A low reed lifts in a minor fourth. A chamber musician calls in the tone of a blues riff.
When he came to America in 1892, Czech composer Antonín Dvořák found beauty in Spirituals and field songs, Gaelic fiddle or an Oglala or Lakota melody from the plains.
He came to direct New York’s National Conservatory of Music, and he walked into a national controversy. He argued American music should grow from the country’s diverse roots.
Dvořák asked an insistent question, and as they perform his work on Friday the West Stockbridge Chamber Players will ask the same question — what it means to be American.
Clarinetist Catherine Hudgins says she has heard and felt that debate often since the presidential election in November, and she has created her annual spring concert with it in mind.
She curates the ensemble from musicians who perform with the Boston Symphony Orchestra for concerts two or three times a year, and she curates the program to respond to historical moments. This concert begins in the divided present.
In Dvořák’s time, a rift was growing between people holding to European roots and people who found creative life where Dvořák found it, in Back American and American Indian music and the immigrant life of New York.
He walked into the center of that debate. He found support, and he found bitter opposition. American musicians, composers and listeners wanted to define an American music, as the country wanted to define itself. And Hudgins finds that tension deeply timely today.
She follows his music into the 21st century with thoughtful and melodic contemporary works by Jerod Impichchaachaaha’ Tate, a Chickasaw composer who draws on flute and percussion, and Osvaldo Golijov, born in an Eastern European Jewish family in Argentina, who now lives in Massachusetts.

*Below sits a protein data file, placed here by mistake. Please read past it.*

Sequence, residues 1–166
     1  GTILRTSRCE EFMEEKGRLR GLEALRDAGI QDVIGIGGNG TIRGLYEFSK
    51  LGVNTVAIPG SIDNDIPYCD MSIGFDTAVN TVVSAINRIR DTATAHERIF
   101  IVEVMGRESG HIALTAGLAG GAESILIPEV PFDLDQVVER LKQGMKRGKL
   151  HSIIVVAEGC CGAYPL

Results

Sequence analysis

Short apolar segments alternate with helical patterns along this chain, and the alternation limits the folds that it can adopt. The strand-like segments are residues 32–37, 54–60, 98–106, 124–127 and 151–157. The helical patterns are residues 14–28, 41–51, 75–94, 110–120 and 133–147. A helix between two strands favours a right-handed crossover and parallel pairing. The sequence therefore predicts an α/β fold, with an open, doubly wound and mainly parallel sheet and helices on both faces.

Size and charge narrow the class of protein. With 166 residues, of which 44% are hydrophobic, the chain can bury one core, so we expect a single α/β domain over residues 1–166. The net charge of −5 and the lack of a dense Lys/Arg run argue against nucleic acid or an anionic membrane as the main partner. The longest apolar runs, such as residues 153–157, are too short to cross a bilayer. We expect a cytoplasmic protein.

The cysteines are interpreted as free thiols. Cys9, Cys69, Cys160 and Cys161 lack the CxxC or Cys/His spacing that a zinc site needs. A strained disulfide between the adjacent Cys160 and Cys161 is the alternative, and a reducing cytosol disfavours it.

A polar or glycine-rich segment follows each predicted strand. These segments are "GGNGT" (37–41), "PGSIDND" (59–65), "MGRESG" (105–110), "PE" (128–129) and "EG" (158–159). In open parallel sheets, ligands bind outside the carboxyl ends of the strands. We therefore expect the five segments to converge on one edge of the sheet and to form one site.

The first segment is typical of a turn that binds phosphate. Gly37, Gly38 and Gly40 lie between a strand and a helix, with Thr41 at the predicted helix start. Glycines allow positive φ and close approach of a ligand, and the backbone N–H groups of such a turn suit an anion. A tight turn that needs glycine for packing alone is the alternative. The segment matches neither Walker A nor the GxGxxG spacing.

And she will open with string quartets: a soliloquy with clarinet by Pulitzer and Grammy winner Jennifer Higdon, and a piece by Samuel Barber, an acclaimed 20th-century composer who lived and worked for 40 years with his partner, composer and librettist Gian Carlo Menotti.
“Many people may not have had a chance to hear Dvorak and Tate together,” she says, but it seems natural, after what Dvorak was asking for.”
Tate often composes for winds and rhythm, she says. The Players will perform Toklo (Two) for American Indian flute and clarinet, a work Tate wrote as a commission for R. Carlos Nakai, a musician of Navajo-Ute heritage, and one of the world’s premier performers on the American Indian flute.
The sound color and the composition draw Hudgins to the work. When she closes her eyes it transports her to the plains, she says, to tall grasses and a wide sky.
Following it, Golijov’s Lullaby and Doina move her to many places, with tones from Klezmer to South American music. He has lived in Argentina and Israel, and he is now a professor of music at Holy Cross in Worcester.
She has loved his work for many years, she says, and the works in the concert, in places she feels a Romany influence. It reminds her of touring with the Venezuelan orchestra some years ago. Musicians from Romania would sit after the concerts sharing food and drink and play folk dances, faster and faster, until by the end they sped like a racing heartbeat.
Soliloquy, Hidgon’s composition, lends a thoughtful note. She is a well-known and powerful voice, Hudgins says. As a clarinetist, Hudgins knows her for her Blue Cathedral, a work Higdon wrote as a tribute to her mother, a clarinetist who died of cancer, and it is often played in American orchestras today.
Her work will open the concert, and then Hudgins will reach back to the 19th and 20th centuries with Dvořák and Barber.
Barber may be her favorite American composer, she says, and one of the loveliest passages he ever wrote contained in this quartet, in the second part, the adagio for strings. Toscanini called Barber’s work simple and beautiful, she says, and for her, Barber’s music has an indefinable, powerful American accent.
I talked with Cathy Hudgins for a highlight in Berkshire Magazine — my thanks to Anastasia Stanmeyer. The photo at the top shows composer Jerod Impichchaachaaha’ Tate. (Photo by Alan Rothstein, courtesy of Jerod Impichchaachaaha’ Tate.) The West Stockbridge Players — Linda Toote on flute, Catherine Hudgins on clarinet, Sheila Fiekowsky and John Holland on violin, Daniel Getz on viola, Oliver Aldort on cello and Edwin Barker on double bass — will perform Friday at 6 p.m. in the 1854 Town Hall. For more information, visit weststockbridgehistory.org